Targeting the Canadian chapter of the Proud Boys with anti-terror legislation has led to the group’s apparent demise, but a leading expert says it might have little effect on the broader far-right movement.
The development could simply harden the resolve of former members, prompt them to join other groups or spawn an increase in individual online activity, said Barbara Perry, director of the Centre on Hate, Bias and Extremism at Ontario Tech University.
Proud Boys Canada announced Sunday it was dissolving after the Liberal government listed it as a terrorist organization following the January assault on Capitol Hill in Washington.
Being on the list means the group’s assets and property are effectively frozen and subject to seizure or forfeiture.
A statement posted to the Proud Boys channel on the app Telegram and attributed to the Canadian chapter of the white nationalist group said it thought about pursuing a legal case, “but we have no financial support.”
In a separate statement, the group said those in its Canadian chapter have to consider their livelihoods and “fighting this in court will prove to be expensive and time consuming.”
But it said the “fight for liberty” isn’t over.
“They will continue to fight for western values … but now … as individuals.”
Perry said while Ottawa’s listing of the Proud Boys could deter some members, it might stiffen the resolve of others.
“It reinforces their victim mentality,” she said in an interview Monday. “Now they can claim that they’re the targeted ones, they’re the ones that are being silenced.”
It is possible that some local chapters of the Proud Boys would continue to operate in Canada, given their independence, Perry said. In addition, the “real diehards” will morph into a different group or take up with an existing one, she predicted.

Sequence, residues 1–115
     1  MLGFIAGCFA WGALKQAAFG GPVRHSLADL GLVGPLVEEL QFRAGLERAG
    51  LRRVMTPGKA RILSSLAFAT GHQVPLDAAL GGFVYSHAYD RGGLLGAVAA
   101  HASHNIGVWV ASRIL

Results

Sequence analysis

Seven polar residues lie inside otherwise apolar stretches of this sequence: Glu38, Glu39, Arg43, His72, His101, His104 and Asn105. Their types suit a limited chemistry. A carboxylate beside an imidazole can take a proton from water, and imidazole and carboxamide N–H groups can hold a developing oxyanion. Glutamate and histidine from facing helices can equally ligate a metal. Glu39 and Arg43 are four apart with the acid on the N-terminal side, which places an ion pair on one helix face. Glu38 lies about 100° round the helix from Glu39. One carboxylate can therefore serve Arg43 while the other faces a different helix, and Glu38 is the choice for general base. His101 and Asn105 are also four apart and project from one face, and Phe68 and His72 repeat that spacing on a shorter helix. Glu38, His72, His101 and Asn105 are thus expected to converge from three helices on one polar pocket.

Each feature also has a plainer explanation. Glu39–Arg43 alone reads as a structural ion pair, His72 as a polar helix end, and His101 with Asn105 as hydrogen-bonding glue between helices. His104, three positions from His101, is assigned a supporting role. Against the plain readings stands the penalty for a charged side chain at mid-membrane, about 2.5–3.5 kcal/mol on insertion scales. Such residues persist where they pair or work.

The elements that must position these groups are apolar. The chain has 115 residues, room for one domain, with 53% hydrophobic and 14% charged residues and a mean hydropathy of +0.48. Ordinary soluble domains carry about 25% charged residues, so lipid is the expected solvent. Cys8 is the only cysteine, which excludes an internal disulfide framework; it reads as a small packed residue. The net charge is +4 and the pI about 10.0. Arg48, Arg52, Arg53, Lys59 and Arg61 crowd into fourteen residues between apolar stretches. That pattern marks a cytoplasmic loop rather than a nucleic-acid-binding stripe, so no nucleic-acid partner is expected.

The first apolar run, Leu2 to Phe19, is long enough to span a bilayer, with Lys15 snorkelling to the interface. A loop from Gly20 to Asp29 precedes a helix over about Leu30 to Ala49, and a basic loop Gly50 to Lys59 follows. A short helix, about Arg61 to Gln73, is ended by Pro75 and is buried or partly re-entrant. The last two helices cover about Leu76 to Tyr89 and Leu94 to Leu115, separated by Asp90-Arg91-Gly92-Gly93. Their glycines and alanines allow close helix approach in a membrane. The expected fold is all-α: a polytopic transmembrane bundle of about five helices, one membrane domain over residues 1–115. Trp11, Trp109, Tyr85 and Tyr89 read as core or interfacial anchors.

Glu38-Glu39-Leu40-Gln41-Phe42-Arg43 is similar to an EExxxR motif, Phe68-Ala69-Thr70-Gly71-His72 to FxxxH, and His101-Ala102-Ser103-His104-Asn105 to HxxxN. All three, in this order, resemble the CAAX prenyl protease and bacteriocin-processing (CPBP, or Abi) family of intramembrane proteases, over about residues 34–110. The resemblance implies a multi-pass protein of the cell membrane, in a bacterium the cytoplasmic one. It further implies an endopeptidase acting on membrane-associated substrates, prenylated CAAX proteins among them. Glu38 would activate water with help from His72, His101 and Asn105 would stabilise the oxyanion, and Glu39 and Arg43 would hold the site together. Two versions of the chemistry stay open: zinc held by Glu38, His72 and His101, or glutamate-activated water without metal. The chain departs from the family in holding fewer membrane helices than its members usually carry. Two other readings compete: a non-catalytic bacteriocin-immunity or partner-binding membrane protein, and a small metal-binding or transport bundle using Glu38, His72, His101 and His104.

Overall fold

“I think that that many of them will continue to engage in the movement in some way,” said Perry, who pegs the number of far-right groups in Canada at about 250.
Some extremists in the movement will try to advance causes on their own in cyberspace, she added, noting “a lot of individuals who are threading their way in and out of different social-media platforms associated with the far right without necessarily affiliating with with a particular group.”
Perry also flags the next general election as a rallying point “that is likely to bring folks out of the woodwork again” as members of the far right try to amplify their messages.
Mustafa Farooq, chief executive of the National Council of Canadian Muslims, cautiously welcomed the Proud Boys’ announcement.
“Obviously, we do not take the words of this violent Islamophobic organization at face value,” he tweeted. “However, this is an important step.”
Farooq said there is still “a lot more work to do” to dismantle the many other white-supremacist groups in Canada.
“Let’s make the flags of hate come down. Together.”
Race-based, white supremacist violence is a tragic reality in Canada, said Mary-Liz Power, a spokeswoman for Public Safety Minister Bill Blair.
“We have taken significant action as a government to end such violence in our communities. We also know there is more to do, and we are committed to doing that work,” she said.
“Intolerance and hate have no place in our society.”
Stephanie Taylor and Jim Bronskill, The Canadian Press